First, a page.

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2006 ATK 450 Enduro Comparison

Monday, May 22, 2006
Hopping up vertical ledges was simple with the ATK’s predictable handling and relatively jump-friendly suspension.
We flogged the lesser-known American machine through everything the other bikes went through, and more. Just because it's heavy and slightly outdated doesn't mean that it won't hang with the group. This bike stands out from the crowd with its expensive componentry and unique design.
2006 ATK 450 Enduro
The Crowd Pleaser

Motor-wise, the American machine makes plenty of noise with its whiny fuel injection and wide-ratio, cassette-style 5-speed transmission. Our test bike still had the motocross silencer on it, so the exhaust note was unruly as well. But aside from the amplified volume, the ATK led the torque category with an impressive 39.4 lb-ft. Despite being the heaviest of the crowd, the motor was able to pull all 270 pounds up and over any obstacle we came across. A 12.5:1 compression ratio was the second-highest of the group and is more comparable to 450 motocrossers than this arrangement of off-road machines.

An aluminum perimeter frame doubles as the oil reservoir, providing an easy-to-use sight bubble on the left-side spar of the American-made bike. Though placed in an unsightly location, it was by far the easiest bike to keep track of oil usage. How the chassis performed was more of a concern to our testers, however. At 38 inches of seat height, only the Yamaha places its riders in such a lofty status. But, thanks to a lower center of gravity, the Yammie feels much more down to earth. Not only is the ATK tall but long as well with a 58.5-inch wheelbase. With 27.5 degrees of rake, the combination doesn't bode well for those addicted to carving tight lines.

"The ATK turns very slowly," says Chamberlain, "but high-speed stability is fairly good."

Though the decision was unanimous, Ken had slightly different take on the situation, having a greater appreciation for this beast's extraordinary nature. "It feels tall and the seat is hard, which took a toll on longer rides, and it could use a softer seat for enduro applications," he admits. "But, overall, the bike feels different than the others, sort of like a Ducati feels different. A hard seat, engine vibes and engine noise are all a part of riding a hand-crafted bike. Some people love that, others prefer to be sedated with smooth, quiet rides. If that is for you then the ATK might be too much to handle. If you like the rawness, this bike is fun."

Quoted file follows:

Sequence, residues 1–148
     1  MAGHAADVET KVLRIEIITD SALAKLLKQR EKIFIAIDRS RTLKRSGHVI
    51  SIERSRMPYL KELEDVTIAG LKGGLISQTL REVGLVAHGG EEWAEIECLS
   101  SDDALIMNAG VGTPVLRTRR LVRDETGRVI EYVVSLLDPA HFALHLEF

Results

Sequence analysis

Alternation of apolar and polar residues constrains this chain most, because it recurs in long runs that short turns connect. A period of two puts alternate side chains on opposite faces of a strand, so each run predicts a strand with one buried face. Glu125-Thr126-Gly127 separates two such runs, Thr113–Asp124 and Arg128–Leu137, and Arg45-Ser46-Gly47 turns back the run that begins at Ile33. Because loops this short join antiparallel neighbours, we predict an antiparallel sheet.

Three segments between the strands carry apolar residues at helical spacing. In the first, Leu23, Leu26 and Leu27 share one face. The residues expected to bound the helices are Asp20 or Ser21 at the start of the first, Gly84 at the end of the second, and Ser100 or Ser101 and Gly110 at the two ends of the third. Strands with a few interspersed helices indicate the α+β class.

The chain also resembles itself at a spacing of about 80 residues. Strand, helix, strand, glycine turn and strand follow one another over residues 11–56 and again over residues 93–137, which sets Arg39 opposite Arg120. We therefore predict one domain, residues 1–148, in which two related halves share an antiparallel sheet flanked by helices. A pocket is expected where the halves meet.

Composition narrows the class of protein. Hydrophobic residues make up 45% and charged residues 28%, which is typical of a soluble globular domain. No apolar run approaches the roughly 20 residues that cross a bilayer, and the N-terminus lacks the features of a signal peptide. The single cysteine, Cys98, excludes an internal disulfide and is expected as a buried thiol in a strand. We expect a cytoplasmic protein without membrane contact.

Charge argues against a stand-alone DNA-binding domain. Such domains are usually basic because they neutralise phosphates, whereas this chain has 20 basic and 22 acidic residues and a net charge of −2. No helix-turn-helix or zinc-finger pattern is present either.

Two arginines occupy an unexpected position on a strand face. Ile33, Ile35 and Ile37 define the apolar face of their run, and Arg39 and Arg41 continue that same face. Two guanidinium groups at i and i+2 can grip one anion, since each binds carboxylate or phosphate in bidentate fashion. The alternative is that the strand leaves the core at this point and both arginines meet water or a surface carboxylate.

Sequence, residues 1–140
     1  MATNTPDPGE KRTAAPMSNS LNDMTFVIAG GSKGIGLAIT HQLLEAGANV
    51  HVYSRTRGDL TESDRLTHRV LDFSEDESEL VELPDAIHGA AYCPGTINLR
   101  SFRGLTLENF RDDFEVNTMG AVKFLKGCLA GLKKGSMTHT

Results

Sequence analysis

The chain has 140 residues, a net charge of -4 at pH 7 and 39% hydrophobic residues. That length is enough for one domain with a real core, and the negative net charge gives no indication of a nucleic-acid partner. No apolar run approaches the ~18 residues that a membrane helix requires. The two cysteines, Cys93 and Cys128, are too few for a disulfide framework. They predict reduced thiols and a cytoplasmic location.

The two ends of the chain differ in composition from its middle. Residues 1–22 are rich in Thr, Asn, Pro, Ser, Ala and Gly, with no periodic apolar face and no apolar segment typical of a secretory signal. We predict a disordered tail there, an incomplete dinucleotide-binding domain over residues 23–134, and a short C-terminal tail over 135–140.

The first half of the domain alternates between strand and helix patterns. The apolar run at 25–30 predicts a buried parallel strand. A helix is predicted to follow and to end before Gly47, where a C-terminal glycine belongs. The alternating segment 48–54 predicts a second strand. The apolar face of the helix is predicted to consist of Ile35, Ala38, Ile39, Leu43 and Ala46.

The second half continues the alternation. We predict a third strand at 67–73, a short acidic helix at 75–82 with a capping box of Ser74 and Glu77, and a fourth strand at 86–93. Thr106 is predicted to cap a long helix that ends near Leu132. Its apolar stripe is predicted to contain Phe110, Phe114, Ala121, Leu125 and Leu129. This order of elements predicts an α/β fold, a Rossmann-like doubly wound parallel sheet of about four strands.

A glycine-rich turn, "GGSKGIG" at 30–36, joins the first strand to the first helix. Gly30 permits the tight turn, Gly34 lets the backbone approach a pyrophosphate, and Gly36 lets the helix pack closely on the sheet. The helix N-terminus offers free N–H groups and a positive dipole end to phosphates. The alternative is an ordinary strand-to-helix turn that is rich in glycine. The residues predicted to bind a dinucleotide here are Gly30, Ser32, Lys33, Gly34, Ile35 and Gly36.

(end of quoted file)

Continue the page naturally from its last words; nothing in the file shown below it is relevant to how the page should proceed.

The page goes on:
ATK owners should be prepared to bust out the jumper cables at some point. While the battery held up well under normal conditions  leaving the lights on will leave you stranded.
Adding a set of jumper cables to your tool kit is a necessity for ATK owners. Without the inclusion of a foot-operated starter, it's doubly important not to leave your lights on when the engine is turned off.

Lacking a kickstart, the levers that it does come with work very well. The brakes aren't the strongest we've tested, but they do an admirable job of slowing this monster down. Steel-braided brake lines add quality, reliability and strength while boosting cool factor. Clutching and shifting were also good on the ATK, though we were a bit more likely to miss shifts on the American bike than on the Honda or KTM.

We've been able to put some serious time on this bike between the 450 Motocross test and the revamped enduro version. The more we ride the ATK, the more those things we like about it stand out, and conversely, the deeper its thorns bury themselves in our tender sides. Regardless of the quirks, the American bike continually impresses us with its adaptability, craftsmanship and dependability. Yes, a dead battery has left us searching for jumper cables a time or two, but when you consider the testing we've put this bike through, plus the 350-mile dual-sport ride we threw in afterwards, the ATK proved to be a really solid bike.

Like we discovered during our motocross test, whether you're at the track, unloading area, gas station, parts house or coffee shop, people will want to talk to you about the ATK. You've just got to ask yourself, does individuality and dependability overcome the cost, weight and rude behavior of the American machine? Well does it, punk?

ATK Notes:
- Second-best hydraulic clutch.
- No kick starter is a bad thing when the electric unit craps out.
- One piece radiator is going to be expensive to replace.
- Carry spare fuses.
- Normal use bent kickstand into uselessness.
- All it needs is a license plate to be street legal.
- MSRP: $7,895


American dirt bikes are few and far inbetween. Special thanks to Oregon's Best Motorsports for letting us repeatedly bash one of their personal dealership bikes.


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